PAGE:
Mad Dogs and Englishmen –
July 6, 2019 – The GBGB’s findings were part of a worrying trend. A month earlier, two Scottish trainers, Andrew Meek and James Cairns, had been disqualified indefinitely after cocaine positives. (Being disqualified forbids you from even attending a greyhound race.) “We’re finding more and more greyhounds testing positive for cocaine and its metabolites,” says Duncan Gibson, the GBGB’s welfare and integrity manager. Fifteen years ago, one cocaine positive a year would be a lot. These days they are finding six to ten.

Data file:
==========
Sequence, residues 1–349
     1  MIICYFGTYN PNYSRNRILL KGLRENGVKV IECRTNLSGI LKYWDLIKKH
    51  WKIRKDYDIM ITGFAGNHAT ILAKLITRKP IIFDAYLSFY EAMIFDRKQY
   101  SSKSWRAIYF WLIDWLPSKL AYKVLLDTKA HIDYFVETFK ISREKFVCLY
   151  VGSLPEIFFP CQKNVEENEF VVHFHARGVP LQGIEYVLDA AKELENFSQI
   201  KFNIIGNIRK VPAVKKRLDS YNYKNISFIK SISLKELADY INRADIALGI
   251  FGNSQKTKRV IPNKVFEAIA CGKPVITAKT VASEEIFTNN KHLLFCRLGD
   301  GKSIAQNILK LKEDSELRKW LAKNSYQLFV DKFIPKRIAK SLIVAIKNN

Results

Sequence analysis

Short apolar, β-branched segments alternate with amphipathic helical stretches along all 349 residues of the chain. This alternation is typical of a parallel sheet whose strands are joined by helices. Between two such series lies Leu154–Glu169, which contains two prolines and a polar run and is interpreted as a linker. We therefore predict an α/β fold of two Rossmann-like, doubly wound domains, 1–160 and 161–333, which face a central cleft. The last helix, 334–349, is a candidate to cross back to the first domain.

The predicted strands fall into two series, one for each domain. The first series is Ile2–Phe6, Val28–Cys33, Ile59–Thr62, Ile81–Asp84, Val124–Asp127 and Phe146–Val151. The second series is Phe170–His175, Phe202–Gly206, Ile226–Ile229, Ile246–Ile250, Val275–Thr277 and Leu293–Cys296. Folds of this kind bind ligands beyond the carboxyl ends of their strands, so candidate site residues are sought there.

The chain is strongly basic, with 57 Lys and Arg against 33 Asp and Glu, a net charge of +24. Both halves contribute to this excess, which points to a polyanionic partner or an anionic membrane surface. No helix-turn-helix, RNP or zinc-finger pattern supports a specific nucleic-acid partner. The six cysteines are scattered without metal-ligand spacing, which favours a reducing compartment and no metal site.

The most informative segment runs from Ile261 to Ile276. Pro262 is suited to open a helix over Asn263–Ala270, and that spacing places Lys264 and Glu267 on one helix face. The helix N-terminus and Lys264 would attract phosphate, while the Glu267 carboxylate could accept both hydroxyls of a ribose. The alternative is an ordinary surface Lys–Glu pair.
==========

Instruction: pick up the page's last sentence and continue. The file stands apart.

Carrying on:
Cocaine is banned in the world of greyhound racing for the same reason it is banned in the world of human racing. Greyhounds are athletes. A greyhound on cocaine will respond the same way you would: the drug will cause its heart rate to leap, pumping blood more urgently around the body in a bid to get more oxygen into the system; its blood pressure will rise; it will probably run faster. In short, it might be more likely to win a race.